Walleye fishing in the lake has been good recently, and that seems likely to continue after a walleye hatch in 2018 that Eric Weimer, station chief at the state’s Sandusky Fisheries Research Station, describes as “massive.”
“That’s pretty exciting. That’s going to carry the fishery in for the next decade and a half,” Weimer told the Register in the Wednesday interview.
And that follows a decent walleye hatch in 2014, an excellent one in 2015 and good ones in 2016 and 2017, Weimer said.
On Dec. 19, the Ohio Department of Natural Resources announced trawling by fish scientists in Lake Erie’s central basin revealed an “exceptional” walleye hatch this year.
“The ODNR Division of Wildlife’s results from the 2018 survey indicate that young-of-the-year walleye catch rates were the highest recorded in the past 20 years of the central basin trawl survey (32 fish per hectare). This year’s results, combined with the excellent 2015 year-class, will ensure adult walleye abundance in the central basin will continue to increase,” the ODNR said in a news release.
State experts go out on the lake in a boat to obtain those numbers, said John Windau, a spokesman for the Ohio Department of Natural Resources.
“They pull a big net through the water and they pull that in, and they sample numbers,” he said.
The central basin results follow an announcement on Sept. 13 that an earlier survey in the lake’s western basin also had produced excellent results for walleye. The ODNR called the western basin results “exceptional” and “the second highest in the history of the Ohio survey.”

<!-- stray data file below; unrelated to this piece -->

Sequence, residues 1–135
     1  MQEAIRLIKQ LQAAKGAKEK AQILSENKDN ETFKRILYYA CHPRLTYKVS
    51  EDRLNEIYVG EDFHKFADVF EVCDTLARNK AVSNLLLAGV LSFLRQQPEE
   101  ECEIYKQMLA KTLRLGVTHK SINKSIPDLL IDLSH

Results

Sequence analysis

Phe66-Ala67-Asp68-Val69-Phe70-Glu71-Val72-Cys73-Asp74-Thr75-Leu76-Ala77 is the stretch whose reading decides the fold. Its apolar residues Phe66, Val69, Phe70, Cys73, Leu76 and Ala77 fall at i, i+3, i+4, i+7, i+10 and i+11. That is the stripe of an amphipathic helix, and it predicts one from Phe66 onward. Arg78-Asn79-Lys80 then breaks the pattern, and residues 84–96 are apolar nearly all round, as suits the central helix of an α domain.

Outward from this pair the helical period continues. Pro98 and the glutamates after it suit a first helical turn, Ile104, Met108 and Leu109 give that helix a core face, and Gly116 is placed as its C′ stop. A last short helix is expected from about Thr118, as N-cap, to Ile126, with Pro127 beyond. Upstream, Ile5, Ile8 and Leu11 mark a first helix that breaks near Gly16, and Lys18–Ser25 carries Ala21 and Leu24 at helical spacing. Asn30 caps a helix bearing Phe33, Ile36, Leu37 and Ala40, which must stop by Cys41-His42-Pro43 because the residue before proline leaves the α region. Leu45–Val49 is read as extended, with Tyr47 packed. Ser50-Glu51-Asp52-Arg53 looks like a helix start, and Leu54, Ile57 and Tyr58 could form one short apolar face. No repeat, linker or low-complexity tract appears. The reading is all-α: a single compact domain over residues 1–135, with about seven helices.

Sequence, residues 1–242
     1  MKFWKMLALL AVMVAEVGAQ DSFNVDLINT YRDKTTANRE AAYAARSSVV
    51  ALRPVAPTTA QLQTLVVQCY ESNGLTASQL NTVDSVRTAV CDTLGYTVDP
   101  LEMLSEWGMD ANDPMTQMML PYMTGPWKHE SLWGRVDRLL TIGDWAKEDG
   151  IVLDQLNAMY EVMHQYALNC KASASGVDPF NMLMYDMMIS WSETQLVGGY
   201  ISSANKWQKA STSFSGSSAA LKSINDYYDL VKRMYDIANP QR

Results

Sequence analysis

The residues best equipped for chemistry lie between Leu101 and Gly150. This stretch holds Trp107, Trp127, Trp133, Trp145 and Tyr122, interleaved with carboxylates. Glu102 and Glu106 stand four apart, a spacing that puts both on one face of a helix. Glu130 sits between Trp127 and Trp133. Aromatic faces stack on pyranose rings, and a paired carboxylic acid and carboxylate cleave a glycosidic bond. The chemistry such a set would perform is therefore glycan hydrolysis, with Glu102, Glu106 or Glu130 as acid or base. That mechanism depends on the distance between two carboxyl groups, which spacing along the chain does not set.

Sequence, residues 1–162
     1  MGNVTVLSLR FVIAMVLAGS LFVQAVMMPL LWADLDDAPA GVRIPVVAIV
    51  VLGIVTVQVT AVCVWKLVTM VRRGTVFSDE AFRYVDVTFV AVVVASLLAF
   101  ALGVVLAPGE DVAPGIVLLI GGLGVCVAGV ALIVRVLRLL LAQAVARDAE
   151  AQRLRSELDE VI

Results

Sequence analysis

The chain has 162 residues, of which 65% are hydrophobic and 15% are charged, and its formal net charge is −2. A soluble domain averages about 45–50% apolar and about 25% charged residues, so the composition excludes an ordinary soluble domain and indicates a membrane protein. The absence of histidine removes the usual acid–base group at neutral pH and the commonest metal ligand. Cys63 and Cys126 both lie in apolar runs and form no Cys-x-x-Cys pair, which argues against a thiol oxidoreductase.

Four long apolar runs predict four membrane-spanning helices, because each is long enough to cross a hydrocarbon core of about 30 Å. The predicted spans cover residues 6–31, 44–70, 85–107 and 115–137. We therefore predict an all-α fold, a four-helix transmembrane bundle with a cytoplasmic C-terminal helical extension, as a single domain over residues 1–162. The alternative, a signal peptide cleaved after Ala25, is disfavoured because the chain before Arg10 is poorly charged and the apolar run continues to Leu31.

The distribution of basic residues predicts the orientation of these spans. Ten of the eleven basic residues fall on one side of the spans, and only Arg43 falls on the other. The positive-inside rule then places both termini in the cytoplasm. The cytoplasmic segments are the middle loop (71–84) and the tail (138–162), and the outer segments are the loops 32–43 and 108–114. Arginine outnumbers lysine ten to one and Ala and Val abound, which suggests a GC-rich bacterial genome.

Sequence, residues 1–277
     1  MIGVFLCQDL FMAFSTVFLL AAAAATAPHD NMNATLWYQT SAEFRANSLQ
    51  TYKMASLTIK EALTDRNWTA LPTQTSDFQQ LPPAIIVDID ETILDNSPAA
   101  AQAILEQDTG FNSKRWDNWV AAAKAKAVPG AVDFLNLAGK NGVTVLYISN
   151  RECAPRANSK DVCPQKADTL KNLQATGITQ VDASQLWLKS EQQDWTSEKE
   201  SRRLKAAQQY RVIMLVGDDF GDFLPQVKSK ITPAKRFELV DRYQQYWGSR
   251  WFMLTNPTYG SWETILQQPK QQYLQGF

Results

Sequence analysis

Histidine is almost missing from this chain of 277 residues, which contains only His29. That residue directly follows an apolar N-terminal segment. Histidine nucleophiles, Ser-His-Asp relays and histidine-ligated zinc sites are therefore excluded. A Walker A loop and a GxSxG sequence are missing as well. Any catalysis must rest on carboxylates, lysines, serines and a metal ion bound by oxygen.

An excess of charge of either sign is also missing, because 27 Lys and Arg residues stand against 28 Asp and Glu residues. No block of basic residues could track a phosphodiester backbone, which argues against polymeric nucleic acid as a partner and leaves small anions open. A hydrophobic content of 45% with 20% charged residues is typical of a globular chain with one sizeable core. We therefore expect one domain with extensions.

A walleye pulled the lake must be at least 15 inches long before the fisherman can keep it. The current bag limit is six fish per fisherman per day most of the year, a bag limit of four during the March and April spawning season, Weimer said.
Changing the bag limit is a long process, he said.
“There won’t be anything that happens anytime soon,” he said.
Yellow perch hatch results also were good this year.
“The ODNR Division of Wildlife’s August western basin trawl survey found the 2018 yellow perch hatch to be very good at 511 yellow perch per hectare. This is above the 20-year average of 316 yellow perch per hectare in Ohio waters of the western basin,” the ODRN reported. “This above average yellow perch hatch should help bolster the yellow perch population in the western basin and maintain quality yellow perch fishing.”
The central basin survey showed what was described as an average yellow perch hatch.
“Trawl survey results for yellow perch indicate the hatch was the highest observed since 2014 (40 fish per hectare) and just below the long-term average (45 fish per hectare) for the central basin,” the ODNR said.
The yellow perch results this year weren’t huge, but they were good, Weimer said.
Windau and Weimer said a number of factors have helped generate the big walleye hatches, including conditions that affect the fish’s food supply.
High water levels the last three or four years apparently are helpful and help generate lots of food for the walleye, Weimer said.